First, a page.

Welcome to part three of our four-week Etsy Series- where I have asked seven wildly successful Etsy Artisans for some pointers for us little guys that would love to succeed on Etsy but just haven’t seen the sales yet. Each week, we will discuss a new question and see what the sellers have to say. And maybe, just maybe, learn a pointer or two just in time for the Christmas sales rush!
For this series, I am relying on the expertise of the following artisans:
Lisa from Sugar Robot
Denise from Designs by CD Childs
Patricia from Doodle Bird
Linda from LTCreates Jewelry
Jess from All You Need is Pug
Susan from OceanPatch Creations
Jenny from The Charming Frog
Our question this week is: Can you give us tips on writing descriptive copy? What works for you?
Lisa– Etsy is a crafter’s dream network. So many original ideas, so much intricate work, so much of everything! Be detailed. If you put 100 hours to create something, shout it from the roof tops. If your process is intricate, use the adjectives to explain it so others can take an interest in it! Add some personal flare to your descriptions and help your customers get a feel for YOU – this is what will set you apart.
Denise – I try to make my descriptions appealing to my customer by giving them an idea on the use of the item. Example: “This wine bottle serving tray would be perfect for your next dinner party! Or it would make the perfect house warming gift”. I try to give them a reason to purchase my items. Also detailed measurements are a must! The buyer wants to know exactly what they are getting for their money. I also give them a little information on the process in making my items. I want them to know how much time goes into each creation.
Patricia – You hit the nail on the head…DESCRIPTIVE copy. Describe your item to a “t”. Size, color, what it’s used for, how you made it (without giving too much away), materials, etc. Does it come in other colors/sizes? How heavy/lightweight is it? Is it one of a kind or can a customer request more? How do you care for the item? How do you ship? Is tracking included? How long do you estimate it to take to arrive?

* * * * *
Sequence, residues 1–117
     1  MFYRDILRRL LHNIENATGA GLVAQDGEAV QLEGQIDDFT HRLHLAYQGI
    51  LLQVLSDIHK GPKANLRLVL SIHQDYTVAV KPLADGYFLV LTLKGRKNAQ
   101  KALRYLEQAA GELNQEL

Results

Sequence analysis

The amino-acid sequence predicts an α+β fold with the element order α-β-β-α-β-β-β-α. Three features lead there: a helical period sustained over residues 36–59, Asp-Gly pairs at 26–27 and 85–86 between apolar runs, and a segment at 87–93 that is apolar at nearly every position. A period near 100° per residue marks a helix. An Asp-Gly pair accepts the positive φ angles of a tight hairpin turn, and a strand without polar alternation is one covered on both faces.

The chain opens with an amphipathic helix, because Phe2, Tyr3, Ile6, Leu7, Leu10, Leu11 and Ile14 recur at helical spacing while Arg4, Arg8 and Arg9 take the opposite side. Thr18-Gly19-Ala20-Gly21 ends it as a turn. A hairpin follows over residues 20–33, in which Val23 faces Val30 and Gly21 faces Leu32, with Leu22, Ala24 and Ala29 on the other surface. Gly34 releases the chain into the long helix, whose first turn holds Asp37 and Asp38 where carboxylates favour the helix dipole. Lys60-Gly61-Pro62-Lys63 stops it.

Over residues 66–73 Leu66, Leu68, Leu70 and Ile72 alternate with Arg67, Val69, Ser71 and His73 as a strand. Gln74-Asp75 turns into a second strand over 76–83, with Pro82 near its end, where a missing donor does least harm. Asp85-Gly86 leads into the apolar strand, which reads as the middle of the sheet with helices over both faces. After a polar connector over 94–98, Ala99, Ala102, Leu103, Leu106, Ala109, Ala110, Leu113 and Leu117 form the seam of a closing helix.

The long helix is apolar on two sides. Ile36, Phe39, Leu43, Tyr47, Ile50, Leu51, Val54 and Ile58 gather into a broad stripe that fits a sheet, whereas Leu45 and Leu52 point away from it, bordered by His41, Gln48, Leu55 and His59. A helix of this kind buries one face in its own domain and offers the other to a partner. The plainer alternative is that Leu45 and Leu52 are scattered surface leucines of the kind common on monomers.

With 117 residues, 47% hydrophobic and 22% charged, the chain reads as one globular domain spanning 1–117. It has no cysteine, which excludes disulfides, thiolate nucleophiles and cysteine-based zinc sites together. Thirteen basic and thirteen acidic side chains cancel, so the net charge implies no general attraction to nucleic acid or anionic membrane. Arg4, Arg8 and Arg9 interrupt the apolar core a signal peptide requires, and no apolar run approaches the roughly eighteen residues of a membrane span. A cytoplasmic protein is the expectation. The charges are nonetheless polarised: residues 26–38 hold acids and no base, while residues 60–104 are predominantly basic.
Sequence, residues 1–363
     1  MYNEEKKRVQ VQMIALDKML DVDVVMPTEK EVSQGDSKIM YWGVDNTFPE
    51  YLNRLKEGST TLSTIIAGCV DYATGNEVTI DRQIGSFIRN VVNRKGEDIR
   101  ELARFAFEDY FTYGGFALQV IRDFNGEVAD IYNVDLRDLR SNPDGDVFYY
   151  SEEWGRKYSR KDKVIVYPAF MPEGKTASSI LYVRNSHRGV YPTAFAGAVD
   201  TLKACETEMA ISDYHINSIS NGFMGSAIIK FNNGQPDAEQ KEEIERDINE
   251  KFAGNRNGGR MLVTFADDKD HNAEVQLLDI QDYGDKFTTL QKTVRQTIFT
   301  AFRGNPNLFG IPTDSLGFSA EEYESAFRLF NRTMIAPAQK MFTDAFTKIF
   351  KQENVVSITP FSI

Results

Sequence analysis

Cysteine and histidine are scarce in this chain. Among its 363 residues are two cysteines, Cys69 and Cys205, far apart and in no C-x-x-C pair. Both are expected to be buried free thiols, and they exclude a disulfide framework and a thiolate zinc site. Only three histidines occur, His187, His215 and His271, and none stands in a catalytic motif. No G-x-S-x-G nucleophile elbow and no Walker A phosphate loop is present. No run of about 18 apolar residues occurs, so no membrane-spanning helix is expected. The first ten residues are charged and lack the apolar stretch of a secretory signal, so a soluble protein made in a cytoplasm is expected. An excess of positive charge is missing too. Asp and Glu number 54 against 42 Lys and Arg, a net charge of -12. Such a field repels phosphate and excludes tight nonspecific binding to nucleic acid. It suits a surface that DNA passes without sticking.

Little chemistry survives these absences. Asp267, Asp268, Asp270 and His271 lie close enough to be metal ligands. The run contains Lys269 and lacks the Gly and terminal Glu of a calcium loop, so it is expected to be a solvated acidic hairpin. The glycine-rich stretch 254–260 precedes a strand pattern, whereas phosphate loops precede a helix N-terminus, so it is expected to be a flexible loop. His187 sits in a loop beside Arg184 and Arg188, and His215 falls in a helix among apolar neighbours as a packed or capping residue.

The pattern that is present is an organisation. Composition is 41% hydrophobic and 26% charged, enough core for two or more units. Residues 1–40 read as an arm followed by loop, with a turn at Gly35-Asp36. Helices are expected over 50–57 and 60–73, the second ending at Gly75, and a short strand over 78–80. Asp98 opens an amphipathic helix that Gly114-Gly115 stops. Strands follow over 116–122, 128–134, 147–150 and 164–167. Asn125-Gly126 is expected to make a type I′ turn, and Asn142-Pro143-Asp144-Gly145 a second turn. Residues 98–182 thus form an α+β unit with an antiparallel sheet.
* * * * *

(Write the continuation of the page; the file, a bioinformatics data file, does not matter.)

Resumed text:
Linda – This is something that I think really depends on what you’re selling. I’ve been all over the place on this, from quite lengthy descriptions to now, a more concise direct approach to writing my descriptions. I want you to know exactly what you’re buying, what it’s made of, and any particulars about the item. The bottom line is to be sure your customers know as much about your product as they need, to buy it. Try to think of what questions they might have and answer them in your description. It’s a process to be sure, to find what is right for you. Definitely check your grammar and spelling so that you are giving a professional appearance to your shop.
Jess– When I am writing descriptions for my shop, I like to start with a catchy pitch to sell my item. While all of the technical details such as materials used, sizes, and other information are important, many buyers like there to be a bit of adventure in the shopping experience, so invite them into your listing with a warm opening. Since shoppers do like to know the quality of what they are buying, all of the technical information is important too. I prefer to put this information in bulleted list form. It catches the eye and is quicker to read and process than a paragraph, which appeals to buyers who may not have much time to browse.
Susan– The facts about the color, size and uses all need to be there, of course. I really try to capture a feeling in my listings that will evoke the senses. I noticed that when I buy paint, I always choose based on the name of the paint color. I’d be looking for beige, but gravitated towards ‘sandcastle’ or ‘swiss mocha’! In the same way, I try to use words or phrases that you can almost taste or feel or have a pleasant memory connected to it. Why describe a fabric as green and yellow when you can call it ’lemon-lime’ instead?
Jenny– Again, play around, if you’re a bit nutty like I am, take a risk. Think outside the box. I am not the best at writing my descriptions, I need work on them myself, but I try to make them fun and DESCRIPTIVE.
So there you have it! Next week we will be discussing how to make yourself stand out on Etsy. Be sure to stop by next Monday to find out what the experts have to say!
Part Two of this Series – Photography hints- can be found here.
Part One of this Series – Getting Started on Etsy- can be found here.
Part Four of this series Marketing on Etsy- can be found here.
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